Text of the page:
Many small business owners confuse advertising with public relations.  They equate an advertisement in their local newspaper or on cable television as public relations.  That is not the case. Through public relations, businesses earn their way into the media.  This third-party endorsement by a media entity through a story about your business, television feature or quotes from you the owner as an expert, validates a company in the eyes of consumers. Your business becomes more credible in the eyes of a consumer.

There are multiple ways for a small business to garner media exposure. One way is by sponsoring a seminar for the public. This helps position you, the owner as an expert in your field and showcases your business.  Financial planners, tax experts, wedding planners, authors, etc. are examples of businesses that use this tactic successfully.

Another tactic is the press release.  This must provide news.  Media will not use it unless there is a news hook.  Thus, businesses looking to write a press release should first look at what message they plan to deliver with the release.  Is it announcing a new hire, a new product or event? If so, that’s an example of news.  If it’s just tooting your horn that you’re open for business, then you need to craft that into an advertisement.

Read and watch what your local television news outlets are covering. Often there are consumer reporters at these outlets.  This can be an opportunity to serve as an expert in your business category.  Also, most markets have morning news programs.  These shows are always looking for guests that can speak to trends, new products, seasonal issues, etc.  For example, iMedia represents the Association of New Jersey Chiropractors and has been positioning the backpack safety tips they developed as news hooks for local television, radio and print interviews in the region, offering local chiropractors to speak to the subject of protecting children from the stress of carrying too much weight in their backpacks.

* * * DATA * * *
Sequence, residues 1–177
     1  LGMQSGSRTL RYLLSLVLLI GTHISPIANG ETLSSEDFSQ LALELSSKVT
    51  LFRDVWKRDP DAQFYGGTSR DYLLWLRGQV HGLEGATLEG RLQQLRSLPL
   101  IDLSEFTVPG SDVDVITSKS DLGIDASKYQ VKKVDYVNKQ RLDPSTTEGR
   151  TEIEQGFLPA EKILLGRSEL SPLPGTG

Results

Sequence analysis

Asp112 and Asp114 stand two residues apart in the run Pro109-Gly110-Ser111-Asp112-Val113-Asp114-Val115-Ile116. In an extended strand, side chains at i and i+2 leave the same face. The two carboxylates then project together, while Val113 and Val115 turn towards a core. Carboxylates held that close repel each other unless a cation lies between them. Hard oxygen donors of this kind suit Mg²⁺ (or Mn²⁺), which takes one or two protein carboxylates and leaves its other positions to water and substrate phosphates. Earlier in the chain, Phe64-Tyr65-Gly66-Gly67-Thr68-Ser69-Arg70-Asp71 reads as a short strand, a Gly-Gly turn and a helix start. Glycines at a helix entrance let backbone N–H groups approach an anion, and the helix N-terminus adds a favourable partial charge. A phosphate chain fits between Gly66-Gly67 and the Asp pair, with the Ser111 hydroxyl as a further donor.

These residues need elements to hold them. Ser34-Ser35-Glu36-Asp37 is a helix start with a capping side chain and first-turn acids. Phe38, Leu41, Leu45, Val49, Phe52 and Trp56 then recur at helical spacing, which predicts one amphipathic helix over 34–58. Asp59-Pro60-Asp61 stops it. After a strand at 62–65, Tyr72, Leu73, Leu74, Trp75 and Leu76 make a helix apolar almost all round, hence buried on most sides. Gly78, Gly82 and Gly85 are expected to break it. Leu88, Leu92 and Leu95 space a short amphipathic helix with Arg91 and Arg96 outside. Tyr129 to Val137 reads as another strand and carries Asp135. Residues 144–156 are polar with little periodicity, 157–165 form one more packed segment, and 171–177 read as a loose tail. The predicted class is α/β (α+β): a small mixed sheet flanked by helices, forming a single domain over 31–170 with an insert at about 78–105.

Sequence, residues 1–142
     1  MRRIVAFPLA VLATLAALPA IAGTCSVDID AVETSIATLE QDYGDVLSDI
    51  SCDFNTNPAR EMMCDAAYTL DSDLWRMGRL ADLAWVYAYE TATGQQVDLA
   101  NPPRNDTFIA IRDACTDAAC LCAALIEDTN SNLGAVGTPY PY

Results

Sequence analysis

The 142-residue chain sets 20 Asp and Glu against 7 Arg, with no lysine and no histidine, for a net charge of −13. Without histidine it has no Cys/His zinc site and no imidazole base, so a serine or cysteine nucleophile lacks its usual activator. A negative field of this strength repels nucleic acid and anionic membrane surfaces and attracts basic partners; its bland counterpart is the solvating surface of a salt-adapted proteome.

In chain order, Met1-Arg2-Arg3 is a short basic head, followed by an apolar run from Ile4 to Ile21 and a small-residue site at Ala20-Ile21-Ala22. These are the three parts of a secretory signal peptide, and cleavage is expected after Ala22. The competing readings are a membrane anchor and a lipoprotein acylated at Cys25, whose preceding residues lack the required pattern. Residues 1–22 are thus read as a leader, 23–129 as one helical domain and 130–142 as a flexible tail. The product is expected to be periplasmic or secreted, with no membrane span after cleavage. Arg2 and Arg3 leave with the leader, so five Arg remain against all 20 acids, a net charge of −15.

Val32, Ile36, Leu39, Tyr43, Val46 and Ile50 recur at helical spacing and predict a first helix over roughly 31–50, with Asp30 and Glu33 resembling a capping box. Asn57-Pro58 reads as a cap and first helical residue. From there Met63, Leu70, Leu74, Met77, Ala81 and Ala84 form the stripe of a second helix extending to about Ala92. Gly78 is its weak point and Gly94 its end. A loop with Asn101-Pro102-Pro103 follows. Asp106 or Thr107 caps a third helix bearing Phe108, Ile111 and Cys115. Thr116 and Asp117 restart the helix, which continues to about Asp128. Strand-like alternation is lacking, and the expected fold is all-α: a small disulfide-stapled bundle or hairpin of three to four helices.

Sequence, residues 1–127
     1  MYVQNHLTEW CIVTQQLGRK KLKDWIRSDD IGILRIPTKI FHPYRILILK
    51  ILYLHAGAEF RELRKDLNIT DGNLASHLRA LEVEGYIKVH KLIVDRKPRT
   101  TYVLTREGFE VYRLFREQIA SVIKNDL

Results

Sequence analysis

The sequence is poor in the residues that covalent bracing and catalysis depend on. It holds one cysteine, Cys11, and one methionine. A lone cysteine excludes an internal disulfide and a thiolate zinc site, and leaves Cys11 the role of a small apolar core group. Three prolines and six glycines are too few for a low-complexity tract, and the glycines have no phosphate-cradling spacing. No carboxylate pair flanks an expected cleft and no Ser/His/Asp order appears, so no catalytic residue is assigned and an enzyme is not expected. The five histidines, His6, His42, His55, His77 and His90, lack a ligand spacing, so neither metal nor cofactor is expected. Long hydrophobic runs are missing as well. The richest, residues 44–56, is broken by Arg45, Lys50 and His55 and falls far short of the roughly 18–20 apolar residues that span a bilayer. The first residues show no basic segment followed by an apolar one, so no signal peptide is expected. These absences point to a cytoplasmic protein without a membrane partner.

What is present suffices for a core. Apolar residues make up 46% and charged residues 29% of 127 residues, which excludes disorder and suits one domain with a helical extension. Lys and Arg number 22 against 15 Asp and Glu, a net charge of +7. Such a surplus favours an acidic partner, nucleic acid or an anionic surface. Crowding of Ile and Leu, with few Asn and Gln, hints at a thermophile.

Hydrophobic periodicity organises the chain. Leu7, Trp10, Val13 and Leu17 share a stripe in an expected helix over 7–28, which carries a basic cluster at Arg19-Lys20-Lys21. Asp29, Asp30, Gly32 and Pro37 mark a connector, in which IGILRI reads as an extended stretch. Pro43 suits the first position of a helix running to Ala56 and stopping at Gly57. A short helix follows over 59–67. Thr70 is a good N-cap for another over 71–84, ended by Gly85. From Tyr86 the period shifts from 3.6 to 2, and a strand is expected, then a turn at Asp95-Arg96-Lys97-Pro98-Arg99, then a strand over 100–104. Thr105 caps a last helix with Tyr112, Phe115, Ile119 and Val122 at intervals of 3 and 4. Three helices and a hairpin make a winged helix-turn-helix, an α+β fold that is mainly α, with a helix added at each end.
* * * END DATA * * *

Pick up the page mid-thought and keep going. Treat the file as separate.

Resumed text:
Public relations can deliver your message across multiple platforms and provide tremendous value and ROI for your business.  Don’t forsake this opportunity in times of economic troubles. Instead, use public relations as the tool to get you through the crisis and help your business grow.

Tom Cosentino